We have just learned that Jean-Luc Godard has passed away. The method was assisted suicide and why not? It was, to bastardize the title of one of his movies, “His Life to Live”. As it happens, the day he chose is the 150th anniversary of the launch of another French institution, the Folies Bergère. I doubt he planned it that way, but the two entertainment machines taken together and in chronological sequence make a nice illustration of the principles of dialectics — capitalist decadence followed by Brechtian didacticism.
The event disproves the sentiment frequently expressed in our house that Godard would never die. After all, he was 91, and was making films until just a couple of years ago. He was so prolific I never even attempted to see ALL of his films, although I have at least one crazy friend who has. Of his 45 or so features I have seen about a third of them, almost all of them from his New Wave period (1955-1967, including his early shorts). Unsurprisingly, Breathless (1960) was my first, when I was quite young, and I saw Masculin Feminin (1966) when I was at NYU…then most of the rest of the early films over the past dozen years, usually at the instigation of my wife. A few of those movies I have now consumed several times. I have seen none of his work more recent than Tout va bien (1972, with Jane Fonda!)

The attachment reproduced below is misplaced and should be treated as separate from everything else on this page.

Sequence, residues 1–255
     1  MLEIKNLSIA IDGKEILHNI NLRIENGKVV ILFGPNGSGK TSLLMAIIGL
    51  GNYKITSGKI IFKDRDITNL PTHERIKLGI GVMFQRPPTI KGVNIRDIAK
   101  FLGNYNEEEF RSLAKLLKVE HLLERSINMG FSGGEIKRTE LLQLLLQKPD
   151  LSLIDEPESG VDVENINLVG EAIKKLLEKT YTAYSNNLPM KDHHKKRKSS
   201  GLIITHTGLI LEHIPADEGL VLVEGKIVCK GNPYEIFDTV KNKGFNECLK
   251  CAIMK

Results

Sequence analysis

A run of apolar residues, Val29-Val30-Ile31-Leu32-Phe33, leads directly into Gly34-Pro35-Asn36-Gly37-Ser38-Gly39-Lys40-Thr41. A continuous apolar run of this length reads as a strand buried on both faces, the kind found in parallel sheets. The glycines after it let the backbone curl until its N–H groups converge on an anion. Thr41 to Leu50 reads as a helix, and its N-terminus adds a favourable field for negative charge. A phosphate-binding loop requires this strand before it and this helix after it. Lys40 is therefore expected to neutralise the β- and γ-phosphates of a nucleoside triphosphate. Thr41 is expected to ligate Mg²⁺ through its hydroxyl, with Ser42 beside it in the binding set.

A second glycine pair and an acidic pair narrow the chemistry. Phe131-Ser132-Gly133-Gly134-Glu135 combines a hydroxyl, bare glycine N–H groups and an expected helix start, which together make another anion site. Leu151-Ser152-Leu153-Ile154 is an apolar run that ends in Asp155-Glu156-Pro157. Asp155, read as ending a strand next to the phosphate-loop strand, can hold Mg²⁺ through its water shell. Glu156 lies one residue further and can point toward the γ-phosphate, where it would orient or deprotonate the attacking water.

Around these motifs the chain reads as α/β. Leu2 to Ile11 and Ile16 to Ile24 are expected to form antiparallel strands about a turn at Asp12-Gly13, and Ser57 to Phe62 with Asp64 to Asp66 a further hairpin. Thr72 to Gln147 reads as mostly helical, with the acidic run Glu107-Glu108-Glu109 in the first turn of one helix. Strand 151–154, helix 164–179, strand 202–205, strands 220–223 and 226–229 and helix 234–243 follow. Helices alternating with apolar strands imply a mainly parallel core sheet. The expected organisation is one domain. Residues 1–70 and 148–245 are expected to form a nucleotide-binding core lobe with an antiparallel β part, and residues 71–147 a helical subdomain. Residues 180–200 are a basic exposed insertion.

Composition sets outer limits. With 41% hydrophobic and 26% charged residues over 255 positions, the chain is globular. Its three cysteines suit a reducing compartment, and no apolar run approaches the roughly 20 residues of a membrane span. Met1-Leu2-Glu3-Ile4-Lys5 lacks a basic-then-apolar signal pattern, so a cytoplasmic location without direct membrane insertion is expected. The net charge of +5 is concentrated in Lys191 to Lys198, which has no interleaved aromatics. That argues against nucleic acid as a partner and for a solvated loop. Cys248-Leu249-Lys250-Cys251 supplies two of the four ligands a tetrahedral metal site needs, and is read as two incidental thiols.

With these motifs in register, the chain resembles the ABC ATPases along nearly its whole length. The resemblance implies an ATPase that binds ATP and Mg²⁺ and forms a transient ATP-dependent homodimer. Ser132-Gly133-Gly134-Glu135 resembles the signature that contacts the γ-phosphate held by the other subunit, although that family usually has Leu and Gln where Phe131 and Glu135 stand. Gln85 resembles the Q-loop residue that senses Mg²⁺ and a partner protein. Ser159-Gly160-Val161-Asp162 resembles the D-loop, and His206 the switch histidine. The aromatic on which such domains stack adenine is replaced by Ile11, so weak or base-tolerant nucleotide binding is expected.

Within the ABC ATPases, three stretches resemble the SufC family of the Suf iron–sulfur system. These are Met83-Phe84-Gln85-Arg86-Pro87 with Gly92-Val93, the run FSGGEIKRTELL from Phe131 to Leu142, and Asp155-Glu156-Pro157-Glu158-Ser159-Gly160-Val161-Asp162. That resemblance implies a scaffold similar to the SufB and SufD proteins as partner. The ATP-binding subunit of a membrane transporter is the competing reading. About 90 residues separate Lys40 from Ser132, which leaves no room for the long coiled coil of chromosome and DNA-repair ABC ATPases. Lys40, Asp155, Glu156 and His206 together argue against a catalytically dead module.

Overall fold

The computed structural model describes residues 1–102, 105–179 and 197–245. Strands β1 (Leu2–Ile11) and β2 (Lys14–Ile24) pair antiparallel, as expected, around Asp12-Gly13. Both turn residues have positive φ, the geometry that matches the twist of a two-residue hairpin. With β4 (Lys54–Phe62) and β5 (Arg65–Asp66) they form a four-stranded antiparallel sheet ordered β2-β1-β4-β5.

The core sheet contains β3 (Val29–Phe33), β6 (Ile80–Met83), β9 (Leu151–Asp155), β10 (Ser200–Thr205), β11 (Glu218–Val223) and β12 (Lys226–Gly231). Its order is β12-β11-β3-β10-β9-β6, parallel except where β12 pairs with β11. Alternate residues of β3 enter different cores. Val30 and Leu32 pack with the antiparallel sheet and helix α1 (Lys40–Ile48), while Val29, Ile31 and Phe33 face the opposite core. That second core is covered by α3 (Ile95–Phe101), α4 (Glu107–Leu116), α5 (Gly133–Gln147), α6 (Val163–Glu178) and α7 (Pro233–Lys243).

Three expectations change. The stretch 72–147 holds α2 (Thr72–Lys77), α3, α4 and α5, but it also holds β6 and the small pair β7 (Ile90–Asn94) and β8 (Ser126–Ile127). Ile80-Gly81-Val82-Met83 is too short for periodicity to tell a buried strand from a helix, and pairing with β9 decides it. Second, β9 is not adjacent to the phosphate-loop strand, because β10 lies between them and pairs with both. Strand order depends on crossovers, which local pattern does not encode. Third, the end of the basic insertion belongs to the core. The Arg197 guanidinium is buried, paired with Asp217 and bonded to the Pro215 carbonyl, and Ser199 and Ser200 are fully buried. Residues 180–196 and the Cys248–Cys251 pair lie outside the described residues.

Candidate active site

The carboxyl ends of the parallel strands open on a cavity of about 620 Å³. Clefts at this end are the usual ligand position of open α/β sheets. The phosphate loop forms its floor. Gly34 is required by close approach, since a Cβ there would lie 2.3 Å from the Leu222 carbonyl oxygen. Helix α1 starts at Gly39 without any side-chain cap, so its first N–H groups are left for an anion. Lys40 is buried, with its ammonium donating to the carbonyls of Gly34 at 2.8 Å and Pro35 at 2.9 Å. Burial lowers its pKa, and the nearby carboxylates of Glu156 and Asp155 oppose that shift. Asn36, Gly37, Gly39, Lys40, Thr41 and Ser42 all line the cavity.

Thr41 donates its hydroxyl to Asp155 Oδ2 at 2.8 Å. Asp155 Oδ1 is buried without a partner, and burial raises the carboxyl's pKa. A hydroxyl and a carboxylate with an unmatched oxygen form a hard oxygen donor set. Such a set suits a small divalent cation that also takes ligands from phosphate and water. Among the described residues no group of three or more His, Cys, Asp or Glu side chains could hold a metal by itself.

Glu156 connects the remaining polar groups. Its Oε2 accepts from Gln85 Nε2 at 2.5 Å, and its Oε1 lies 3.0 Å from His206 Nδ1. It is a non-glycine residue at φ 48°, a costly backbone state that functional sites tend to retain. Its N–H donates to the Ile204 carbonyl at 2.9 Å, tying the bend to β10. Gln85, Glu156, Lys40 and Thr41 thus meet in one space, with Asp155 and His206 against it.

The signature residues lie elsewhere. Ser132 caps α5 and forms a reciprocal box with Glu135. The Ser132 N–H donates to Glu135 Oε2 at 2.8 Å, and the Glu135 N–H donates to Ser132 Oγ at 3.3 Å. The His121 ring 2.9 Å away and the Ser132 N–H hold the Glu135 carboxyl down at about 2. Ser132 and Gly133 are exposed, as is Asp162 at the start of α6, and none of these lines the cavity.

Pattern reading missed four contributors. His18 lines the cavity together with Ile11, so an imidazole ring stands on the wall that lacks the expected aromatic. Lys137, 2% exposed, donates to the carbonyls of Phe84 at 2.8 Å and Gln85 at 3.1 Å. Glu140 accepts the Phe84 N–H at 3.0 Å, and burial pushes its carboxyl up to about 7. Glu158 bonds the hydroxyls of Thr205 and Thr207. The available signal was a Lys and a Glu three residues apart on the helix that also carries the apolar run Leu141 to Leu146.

But even those who have seen none of Godard’s work have experienced his influence. He and his French New Wave colleagues refreshed and rejuvenated cinematic grammar in a thousand different ways and the lively effects they pioneered made their way all the way to Hollywood, although usually in an ameliorated and defanged form. New Hollywood aped his aesthetics but only briefly, and it was rare though not unknown for something resembling his left wing political views to find their way into American movies. Some of his flashier techniques remain part of the modern director’s bag of tricks, but for the most part American cinema has remained a confectionary industry, a distributor of what Aldous Huxley called soma.
But that may change. It’s not accidental that my wife and I have been watching Godard’s films a lot these last few years, as the moral bankruptcy of contemporary American culture has demonstrated its danger to the future of humanity with terrifying clarity. During these last few insane years his films and the views he expresses in them have seemed less extreme than prescient and prescriptive. American audiences have been fattening themselves for slaughter ever since there’s been a Hollywood. And now more than ever they require movies that slap them awake.
And on that very topic, as it happens another French director of Godard’s generation passed away on September 10, William Klein. My tribute to him is here.